Of course, it's not all plain sailing. One of the absurdities of the gender recognition system is laid bare as a trans woman sentenced to twelve weeks for assault finds herself heading for a male prison because she doesn't have a gender recognition certificate. After tens of thousands of signatures on a petition the latest news is that she's likely to be granted an appeal. The word is that she may escape a custodial sentence and have some form of community punishment instead. The Ministry of Justice is so anxious to dodge the prospect of a trans woman in a female jail without a gender recognition certificate that they're prepared to forgo the sentence altogether. Good news for her, but isn't the point of equality that we should be treated the same in all situations as anyone else? Shouldn't she just serve the time in a women's jail? I'm not sure "Embarrass the MoJ as a trans woman criminal, get let off" is a message I want to come out of this.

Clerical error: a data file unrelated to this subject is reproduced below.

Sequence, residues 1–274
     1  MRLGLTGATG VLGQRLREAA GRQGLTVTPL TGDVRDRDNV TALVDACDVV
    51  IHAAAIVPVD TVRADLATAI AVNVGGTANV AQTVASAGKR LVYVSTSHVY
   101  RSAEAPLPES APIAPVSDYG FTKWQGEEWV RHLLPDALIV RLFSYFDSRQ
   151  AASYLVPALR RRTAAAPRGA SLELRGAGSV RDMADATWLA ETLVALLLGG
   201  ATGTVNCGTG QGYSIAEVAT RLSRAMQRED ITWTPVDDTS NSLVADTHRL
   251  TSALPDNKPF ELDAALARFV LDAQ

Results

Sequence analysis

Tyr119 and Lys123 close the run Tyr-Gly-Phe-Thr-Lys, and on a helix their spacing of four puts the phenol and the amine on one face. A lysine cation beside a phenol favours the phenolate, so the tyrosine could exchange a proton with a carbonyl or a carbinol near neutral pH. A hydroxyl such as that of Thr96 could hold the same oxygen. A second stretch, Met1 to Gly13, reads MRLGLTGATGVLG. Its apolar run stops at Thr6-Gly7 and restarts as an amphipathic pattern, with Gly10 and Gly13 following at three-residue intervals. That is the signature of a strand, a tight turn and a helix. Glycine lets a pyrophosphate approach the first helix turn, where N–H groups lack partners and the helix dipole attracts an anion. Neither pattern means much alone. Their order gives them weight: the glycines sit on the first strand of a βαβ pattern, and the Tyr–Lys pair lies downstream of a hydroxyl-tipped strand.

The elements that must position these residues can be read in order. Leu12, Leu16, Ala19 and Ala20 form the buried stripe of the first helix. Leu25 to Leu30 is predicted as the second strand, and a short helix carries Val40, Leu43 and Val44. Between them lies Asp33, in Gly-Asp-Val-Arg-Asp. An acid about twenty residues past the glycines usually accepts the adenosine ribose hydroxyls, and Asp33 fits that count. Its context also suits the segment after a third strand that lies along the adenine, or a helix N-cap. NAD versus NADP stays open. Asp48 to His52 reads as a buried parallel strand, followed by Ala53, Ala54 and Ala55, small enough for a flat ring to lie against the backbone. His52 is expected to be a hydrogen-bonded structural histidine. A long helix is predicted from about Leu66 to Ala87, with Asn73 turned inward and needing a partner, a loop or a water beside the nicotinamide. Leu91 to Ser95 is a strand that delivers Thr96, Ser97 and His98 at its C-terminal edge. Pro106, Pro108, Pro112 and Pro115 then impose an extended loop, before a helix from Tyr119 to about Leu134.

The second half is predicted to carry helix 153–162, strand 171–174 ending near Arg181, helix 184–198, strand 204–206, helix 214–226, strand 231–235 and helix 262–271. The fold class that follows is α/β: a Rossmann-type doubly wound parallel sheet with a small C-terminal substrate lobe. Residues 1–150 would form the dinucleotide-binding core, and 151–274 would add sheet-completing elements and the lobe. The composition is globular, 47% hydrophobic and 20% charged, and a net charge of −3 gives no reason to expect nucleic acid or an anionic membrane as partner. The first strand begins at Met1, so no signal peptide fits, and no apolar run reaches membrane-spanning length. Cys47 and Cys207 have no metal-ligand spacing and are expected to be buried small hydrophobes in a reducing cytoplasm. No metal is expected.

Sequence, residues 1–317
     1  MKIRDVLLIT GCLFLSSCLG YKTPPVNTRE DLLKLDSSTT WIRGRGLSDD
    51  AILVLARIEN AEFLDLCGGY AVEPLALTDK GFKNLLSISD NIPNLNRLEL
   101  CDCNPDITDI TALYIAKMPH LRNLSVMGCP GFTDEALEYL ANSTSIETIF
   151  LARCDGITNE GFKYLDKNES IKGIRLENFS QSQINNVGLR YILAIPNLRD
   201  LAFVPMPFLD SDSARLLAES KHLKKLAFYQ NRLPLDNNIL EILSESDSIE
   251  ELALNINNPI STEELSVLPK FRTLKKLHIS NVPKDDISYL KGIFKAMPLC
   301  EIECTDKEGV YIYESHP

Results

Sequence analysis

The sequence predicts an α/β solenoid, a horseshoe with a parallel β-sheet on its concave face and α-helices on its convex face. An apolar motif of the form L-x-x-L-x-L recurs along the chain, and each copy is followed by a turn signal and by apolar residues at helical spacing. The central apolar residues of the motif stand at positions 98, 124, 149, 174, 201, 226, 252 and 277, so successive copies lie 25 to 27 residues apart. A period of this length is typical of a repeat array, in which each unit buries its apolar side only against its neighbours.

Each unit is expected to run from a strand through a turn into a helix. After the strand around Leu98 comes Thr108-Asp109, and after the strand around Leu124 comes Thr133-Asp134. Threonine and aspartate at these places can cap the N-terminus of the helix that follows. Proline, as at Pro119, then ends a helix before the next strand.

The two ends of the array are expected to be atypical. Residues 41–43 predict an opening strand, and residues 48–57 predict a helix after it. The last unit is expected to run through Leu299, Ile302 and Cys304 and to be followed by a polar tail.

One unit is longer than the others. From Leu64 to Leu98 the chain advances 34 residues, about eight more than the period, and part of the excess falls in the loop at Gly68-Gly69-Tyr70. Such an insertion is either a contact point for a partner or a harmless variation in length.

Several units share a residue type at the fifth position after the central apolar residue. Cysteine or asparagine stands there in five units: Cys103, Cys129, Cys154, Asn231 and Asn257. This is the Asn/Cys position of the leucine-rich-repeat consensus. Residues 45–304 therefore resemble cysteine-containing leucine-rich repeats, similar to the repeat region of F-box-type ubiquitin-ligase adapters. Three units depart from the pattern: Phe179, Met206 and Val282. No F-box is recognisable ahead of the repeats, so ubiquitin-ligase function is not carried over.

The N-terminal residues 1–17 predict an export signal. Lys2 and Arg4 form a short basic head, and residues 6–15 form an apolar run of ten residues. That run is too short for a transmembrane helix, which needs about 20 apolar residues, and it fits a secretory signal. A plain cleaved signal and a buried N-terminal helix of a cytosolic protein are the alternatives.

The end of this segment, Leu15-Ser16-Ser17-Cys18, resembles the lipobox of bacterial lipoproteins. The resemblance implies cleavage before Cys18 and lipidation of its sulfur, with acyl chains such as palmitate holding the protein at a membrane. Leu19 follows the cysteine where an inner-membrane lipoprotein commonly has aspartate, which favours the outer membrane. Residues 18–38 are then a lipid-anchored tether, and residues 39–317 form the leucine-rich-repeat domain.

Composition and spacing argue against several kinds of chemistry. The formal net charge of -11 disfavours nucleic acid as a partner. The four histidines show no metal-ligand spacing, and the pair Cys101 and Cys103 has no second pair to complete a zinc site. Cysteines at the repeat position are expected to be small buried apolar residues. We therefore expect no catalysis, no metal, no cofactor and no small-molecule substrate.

Still, at least people are expressing outrage. A decade ago they'd have been a metaphorical pitchfork waving mob yelling "Burn her!".

    I await the Women & Equalities report with interest. I'm not holding too much hope though, as a friend once said to me: "Politicians take our rights away, we get them back in the courts".

Saturday, 17 October 2015

Oh it must be so nice...

    "Oh it must be so nice to live out in the country!" they say. I don't quite know what they really mean when they say that. It's an aspiration thing I guess, when they say that they're thinking Darling Buds of May, an extremely bucolic never ending summer.
    They don't think about the moment the countryside slides from autumn into winter, when the first winds come howling in across the North Sea from the Urals and the gold of the retreating season turns into the rotting vegetation of the next. They probably aren't considering the gelatinous mud that pervades every moment outdoors either, nor are they contemplating the crushing loneliness of life in a settlement where you rarely interact with anyone else.